Falling prices might have their own problems. In the 1930s, prices and wages did fall considerably but rather than restoring full employment, the economy moved deeper into a funk as deflationary expectations rooted and people expected prices to be lower still in the future, reducing spending.
Fisher's debt deflation. Falling prices, rather than restoring full-employment equilibrium, could under some circumstances take it further away from it. Irving Fisher explained in the 1930s how falling prices cause the real value of debt to increase, leading to forced asset sales and even lower asset prices, worsening balance sheets further, leading to more bankruptcies and further reductions in spending and production.
It is mainly this spectrum of a debt deflationary vicious cycle taking hold in the economy that informs the likes of Bernanke to pull all (or at least most) of the plugs on monetary policy in preventing this from happening. We know from Japan that once deflation takes hold, it's very hard to get rid off.
It is also the reason that some, like Krugman, argue that the present recession is at least in part a so-called balance sheet recession caused by financial over-leverage and excessive debt, which has to be worked off.
Keynes paradox of thrift. Keynes argued that in a recession, it might be rational for individuals and firms to reduce spending because of a fall in income, but taken together, this tends to reinforce the economic problems.
Loanable funds. Equilibrium economist argue that if consumption demand falls, the interest rate will fall as to spur a rise in investment to compensate for the fall in consumption (in equilibrium, savings equal investments).
One problem is that interest rates are already at record lows and this hasn't spurred a rise in investments. Also, as Krugman argues, much of the adjustment that equate savings to investment works via changes in economic output, especially at very low interest rates.
Liquidity trap. Freshwater economists like Milton Friedman argued that monetary policy is able to stabilize the economy (and it should do this by rule, rather than discretionary policy changes). However, following Keynes, Krugman has argued that monetary policy loses much of its traction at very low interest rates. This happened first in Japan in the 1990s, and now it is happening in the US as well.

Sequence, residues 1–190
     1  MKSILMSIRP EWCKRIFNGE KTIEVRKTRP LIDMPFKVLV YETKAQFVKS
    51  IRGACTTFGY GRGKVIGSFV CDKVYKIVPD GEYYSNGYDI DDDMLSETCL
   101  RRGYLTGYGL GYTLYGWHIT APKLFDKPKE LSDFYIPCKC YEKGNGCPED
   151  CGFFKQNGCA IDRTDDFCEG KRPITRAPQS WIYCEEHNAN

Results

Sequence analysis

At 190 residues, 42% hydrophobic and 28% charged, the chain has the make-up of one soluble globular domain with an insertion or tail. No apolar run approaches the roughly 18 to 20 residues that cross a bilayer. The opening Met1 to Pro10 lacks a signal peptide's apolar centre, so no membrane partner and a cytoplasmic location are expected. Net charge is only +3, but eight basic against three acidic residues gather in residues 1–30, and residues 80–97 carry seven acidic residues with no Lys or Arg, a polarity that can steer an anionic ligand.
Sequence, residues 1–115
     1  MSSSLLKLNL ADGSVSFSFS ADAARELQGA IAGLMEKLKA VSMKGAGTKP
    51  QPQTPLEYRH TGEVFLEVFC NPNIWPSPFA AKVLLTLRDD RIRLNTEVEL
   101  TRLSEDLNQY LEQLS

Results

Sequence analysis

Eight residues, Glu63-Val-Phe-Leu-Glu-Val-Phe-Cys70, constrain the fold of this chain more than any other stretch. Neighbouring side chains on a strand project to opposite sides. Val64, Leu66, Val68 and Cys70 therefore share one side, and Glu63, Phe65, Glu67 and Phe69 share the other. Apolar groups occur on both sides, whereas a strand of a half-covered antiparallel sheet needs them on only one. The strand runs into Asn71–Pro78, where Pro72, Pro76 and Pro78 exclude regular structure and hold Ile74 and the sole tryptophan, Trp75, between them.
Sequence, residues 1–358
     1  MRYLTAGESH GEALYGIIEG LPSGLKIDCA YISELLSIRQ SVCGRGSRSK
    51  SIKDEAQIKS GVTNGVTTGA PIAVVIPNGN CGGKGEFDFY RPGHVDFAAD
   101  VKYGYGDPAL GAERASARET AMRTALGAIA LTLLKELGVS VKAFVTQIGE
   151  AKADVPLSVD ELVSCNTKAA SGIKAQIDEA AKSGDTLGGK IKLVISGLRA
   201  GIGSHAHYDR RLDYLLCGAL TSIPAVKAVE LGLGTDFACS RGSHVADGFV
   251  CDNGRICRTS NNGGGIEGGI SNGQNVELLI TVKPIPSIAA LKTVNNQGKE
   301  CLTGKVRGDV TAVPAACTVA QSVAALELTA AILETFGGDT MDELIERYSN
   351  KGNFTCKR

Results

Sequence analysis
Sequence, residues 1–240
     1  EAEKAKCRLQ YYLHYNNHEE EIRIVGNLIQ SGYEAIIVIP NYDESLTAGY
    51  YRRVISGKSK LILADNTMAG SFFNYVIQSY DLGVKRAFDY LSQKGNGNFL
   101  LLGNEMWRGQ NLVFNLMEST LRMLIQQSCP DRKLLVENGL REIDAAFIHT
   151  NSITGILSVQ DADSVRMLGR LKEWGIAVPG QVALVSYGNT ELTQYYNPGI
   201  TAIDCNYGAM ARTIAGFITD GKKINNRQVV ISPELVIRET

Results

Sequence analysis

This theorema is known as the liquidity trap. Krugman's explanation relies on the role of expectations, discussing Japan in the 1990s:
No matter how much Japan increases the monetary base now, expectations of future money supplies won’t move if people believe that the Bank of Japan will move to stabilize the price level as soon as the economy recovers. And once you realize that central banks may not be able to move expectations about future money supplies, it becomes a real possibility that the economy will be in a liquidity trap: if interest rates are near zero, money printed now just gets hoarded, and monetary policy has no traction on the real economy.
Zimbabwe wouldn’t have this problem: people believe that any money it prints will stay in circulation. But the likes of Japan, or the United States, print money for policy purposes, not to pay their bills. And that, perversely, is what makes them vulnerable to a liquidity trap.
He arrived at a rather controversial conclusion:
Back in 1998 I argued that the Bank of Japan needed to find a way to “credibly promise to be irresponsible.”
The whole subject of the liquidity trap has a sort of Alice-through-the-looking-glass quality. Virtues like saving, or a central bank known to be strongly committed to price stability, become vices.
These explanations (and you'll have to bear with us, in the space here we can barely scratch the surface) have a considerable ad-hoc quality and are far removed from the rigorous, consistent, deductive optimizing world of general equilibrium economics, but we will shortly show that there is, in fact, a surprising amount of evidence in support.
What the Different Models Can and Can't Explain
Krugman's neo-Keynesian view of the world, although not nearly as consistent or rigorous as the general equilibrium approach, nevertheless seems to have less problems explaining the incidence and persistence of recessions.
Since there is no place for these in general equilibrium models, freshwater economist have to invoke exogenous ad-hoc explanations like government policies (regulatory burden) for explaining recessions and their persistence.
It is a bit of a stretch to explain the biggest and most persistent recession since the 1930s on too much regulation, especially given that the US remains one of the least regulated economies in the world, or reverting to the so-called real-business cycle theories when productivity growth has become pro-cyclical.
What's more, Krugman can take considerable comfort for being able to explain a couple of phenomena that seem to completely vex his opponents, the record low interest rates in the face of record high budget deficits and debts, and the lack of inflation in the face of unprecedented base money creation, we'll look into that in part II of this article.
Krugman admits that his brand of economics isn't as consistent as the general equilibrium models:
For it requires some strategic inconsistency in how you think about the economy. When you’re doing micro, you assume rational individuals and rapidly clearing markets; when you’re doing macro, frictions and ad hoc behavioral assumptions are essential.
A whole new brand of economics has risen to solve these inconsistencies ("New Keynesian economics"). However, Krugman himself isn't overly concerned about these. Asked about why he believes in Keynesian models, he replied:
We have a model of the way the world works, and the world does indeed seem to work that way.
It seems to pass Milton Friedman's smell test, at least so far.